Money in your bank: Grow your deposit base with innovative search strategy
As interest rates rise and financial institutions face mounting pressure to fund lending with a reasonable cost of capital, acquiring new core deposits and customers affordably is paramount.
Against this backdrop online-only banks thrive, accounting for nearly 12 percent of all new primary banking relationships in the U.S. What’s more, BAI Banking Outlook findings show that more that three in four millennials—77 percent—would prefer to open deposit accounts online, followed closely by 63 percent of Gen Xers. With loans, online is the preference for 60 percent of millennials and 51 percent of Gen Xers, according to BAI statistics.
Traditional retail banks have responded to the rise of online-only players through investing in mobile technology and a streamlined digital customer experience. But more can be done to connect with consumers, and it starts where digital shoppers typically begin their path to purchase: on a search engine.
Leveraging search helps traditional banks reach consumers in a new way, on a channel they already use. And it proves surprisingly cost effective—especially when search engine optimization (SEO) combines with targeted search engine marketing.
To better compete with digital-first players and grow deposits, financial institutions must capitalize on consumers’ use of search by identifying the up-funnel opportunities where awareness starts—and engage them with content and maximizing efficiency.
Identify up-funnel engagement opportunities
First, consider what prompts consumers to undertake a new account signup. There typically exists some amount of inertia in consumer banking, given that they typically stick with their existing financial providers until a life event prompts them to change.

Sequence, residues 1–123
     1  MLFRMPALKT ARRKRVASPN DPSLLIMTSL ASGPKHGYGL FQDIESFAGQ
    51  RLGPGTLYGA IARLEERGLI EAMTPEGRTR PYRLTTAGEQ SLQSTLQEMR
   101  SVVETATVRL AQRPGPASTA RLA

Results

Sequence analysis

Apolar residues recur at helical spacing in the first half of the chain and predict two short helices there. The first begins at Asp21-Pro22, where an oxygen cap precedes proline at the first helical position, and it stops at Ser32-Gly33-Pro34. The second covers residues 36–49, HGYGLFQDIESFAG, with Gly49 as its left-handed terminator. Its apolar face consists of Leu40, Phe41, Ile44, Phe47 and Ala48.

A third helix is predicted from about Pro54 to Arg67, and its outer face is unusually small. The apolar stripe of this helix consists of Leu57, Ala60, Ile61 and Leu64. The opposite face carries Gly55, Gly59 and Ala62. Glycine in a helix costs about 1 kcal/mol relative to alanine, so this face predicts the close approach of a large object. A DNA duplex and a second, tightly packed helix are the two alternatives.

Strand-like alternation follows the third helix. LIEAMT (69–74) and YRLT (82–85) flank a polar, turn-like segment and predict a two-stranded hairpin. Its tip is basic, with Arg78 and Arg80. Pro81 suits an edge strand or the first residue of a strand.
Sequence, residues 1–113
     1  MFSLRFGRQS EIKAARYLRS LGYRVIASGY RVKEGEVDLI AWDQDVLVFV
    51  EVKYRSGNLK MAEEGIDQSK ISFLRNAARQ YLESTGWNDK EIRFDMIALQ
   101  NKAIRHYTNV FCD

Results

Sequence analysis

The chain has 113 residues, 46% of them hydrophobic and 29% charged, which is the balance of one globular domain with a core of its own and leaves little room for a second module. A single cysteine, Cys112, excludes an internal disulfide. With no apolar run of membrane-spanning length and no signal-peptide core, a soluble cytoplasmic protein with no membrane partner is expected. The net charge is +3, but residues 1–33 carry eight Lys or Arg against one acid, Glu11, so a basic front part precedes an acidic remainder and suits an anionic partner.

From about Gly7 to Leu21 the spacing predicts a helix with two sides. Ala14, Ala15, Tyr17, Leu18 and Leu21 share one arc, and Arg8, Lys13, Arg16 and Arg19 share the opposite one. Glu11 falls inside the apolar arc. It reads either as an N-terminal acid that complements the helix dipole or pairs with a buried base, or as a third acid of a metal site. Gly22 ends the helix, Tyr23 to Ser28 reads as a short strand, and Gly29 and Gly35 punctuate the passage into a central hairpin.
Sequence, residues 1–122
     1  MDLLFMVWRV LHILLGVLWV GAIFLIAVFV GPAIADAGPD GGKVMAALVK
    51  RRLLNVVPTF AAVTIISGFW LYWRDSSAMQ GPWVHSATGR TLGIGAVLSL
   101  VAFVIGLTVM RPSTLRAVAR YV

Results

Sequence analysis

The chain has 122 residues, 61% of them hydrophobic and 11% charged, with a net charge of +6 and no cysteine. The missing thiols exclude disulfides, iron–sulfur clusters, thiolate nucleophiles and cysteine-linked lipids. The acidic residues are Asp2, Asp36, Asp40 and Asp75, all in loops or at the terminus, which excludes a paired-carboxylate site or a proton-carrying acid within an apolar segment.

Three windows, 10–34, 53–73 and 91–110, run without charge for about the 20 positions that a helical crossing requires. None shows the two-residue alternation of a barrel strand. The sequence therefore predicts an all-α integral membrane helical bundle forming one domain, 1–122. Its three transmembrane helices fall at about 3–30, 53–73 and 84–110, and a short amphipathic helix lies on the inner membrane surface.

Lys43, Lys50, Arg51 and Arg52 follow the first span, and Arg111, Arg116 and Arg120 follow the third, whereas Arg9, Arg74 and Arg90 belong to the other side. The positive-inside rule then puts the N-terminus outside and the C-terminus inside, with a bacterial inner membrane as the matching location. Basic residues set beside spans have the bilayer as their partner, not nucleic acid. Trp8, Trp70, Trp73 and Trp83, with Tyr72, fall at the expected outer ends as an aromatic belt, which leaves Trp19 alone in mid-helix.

Your challenge is to uncover what triggers a consumer to shop for new financial products, then identify where in the consumer purchase journey your brand can join the conversation.
For example, consumers might migrate their checking accounts upon moving to a new city; seek to open a savings account if they learn a baby is on the way; or investigate CD accounts if they anticipate a tax season refund.
It’s important to start where the buyer journey begins—the event or events that trigger financial product research—to draw a complete picture of what interests your customers. The better you understand them, the more effectively you can engage and target them.
Specifically, it’s imperative to know what keywords and keyword themes your customers use when they search. This information can drive your entire digital strategy: from what to say in your ads to the design of your website architecture.
Engage with content across the purchase journey
Keywords are especially valuable for developing on-page content.
Notably, this content often serves a more educational than transactional purpose. Although aggregators do sell financial products, their content typically runs along the lines of “How interest works on a savings account” or “Best practices for building your credit score.”